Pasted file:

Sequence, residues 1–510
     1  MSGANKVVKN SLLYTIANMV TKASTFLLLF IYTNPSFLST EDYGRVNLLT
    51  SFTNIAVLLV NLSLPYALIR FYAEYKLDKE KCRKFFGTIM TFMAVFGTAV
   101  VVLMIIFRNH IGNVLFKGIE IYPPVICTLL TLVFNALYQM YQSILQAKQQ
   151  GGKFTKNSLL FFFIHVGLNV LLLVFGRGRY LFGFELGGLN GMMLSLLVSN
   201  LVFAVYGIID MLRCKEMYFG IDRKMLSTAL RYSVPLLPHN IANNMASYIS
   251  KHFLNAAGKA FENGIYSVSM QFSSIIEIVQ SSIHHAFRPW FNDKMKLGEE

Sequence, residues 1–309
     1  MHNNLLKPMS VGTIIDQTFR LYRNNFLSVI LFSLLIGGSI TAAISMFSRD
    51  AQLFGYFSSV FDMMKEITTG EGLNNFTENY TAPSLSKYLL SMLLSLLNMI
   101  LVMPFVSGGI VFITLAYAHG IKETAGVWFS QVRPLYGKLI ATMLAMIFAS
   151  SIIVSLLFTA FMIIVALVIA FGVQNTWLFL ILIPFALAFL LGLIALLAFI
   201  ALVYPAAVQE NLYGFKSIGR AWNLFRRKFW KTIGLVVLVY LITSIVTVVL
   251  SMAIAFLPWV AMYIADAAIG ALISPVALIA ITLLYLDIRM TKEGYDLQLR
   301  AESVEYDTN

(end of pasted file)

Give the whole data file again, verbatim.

Sequence, residues 1–510
     1  MSGANKVVKN SLLYTIANMV TKASTFLLLF IYTNPSFLST EDYGRVNLLT
    51  SFTNIAVLLV NLSLPYALIR FYAEYKLDKE KCRKFFGTIM TFMAVFGTAV
   101  VVLMIIFRNH IGNVLFKGIE IYPPVICTLL TLVFNALYQM YQSILQAKQQ
   151  GGKFTKNSLL FFFIHVGLNV LLLVFGRGRY LFGFELGGLN GMMLSLLVSN
   201  LVFAVYGIID MLRCKEMYFG IDRKMLSTAL RYSVPLLPHN IANNMASYIS
   251  KHFLNAAGKA FENGIYSVSM QFSSIIEIVQ SSIHHAFRPW FNDKMKLGEE

Sequence, residues 1–309
     1  MHNNLLKPMS VGTIIDQTFR LYRNNFLSVI LFSLLIGGSI TAAISMFSRD
    51  AQLFGYFSSV FDMMKEITTG EGLNNFTENY TAPSLSKYLL SMLLSLLNMI
   101  LVMPFVSGGI VFITLAYAHG IKETAGVWFS QVRPLYGKLI ATMLAMIFAS
   151  SIIVSLLFTA FMIIVALVIA FGVQNTWLFL ILIPFALAFL LGLIALLAFI
   201  ALVYPAAVQE NLYGFKSIGR AWNLFRRKFW KTIGLVVLVY LITSIVTVVL
   251  SMAIAFLPWV AMYIADAAIG ALISPVALIA ITLLYLDIRM TKEGYDLQLR
   301  AESVEYDTN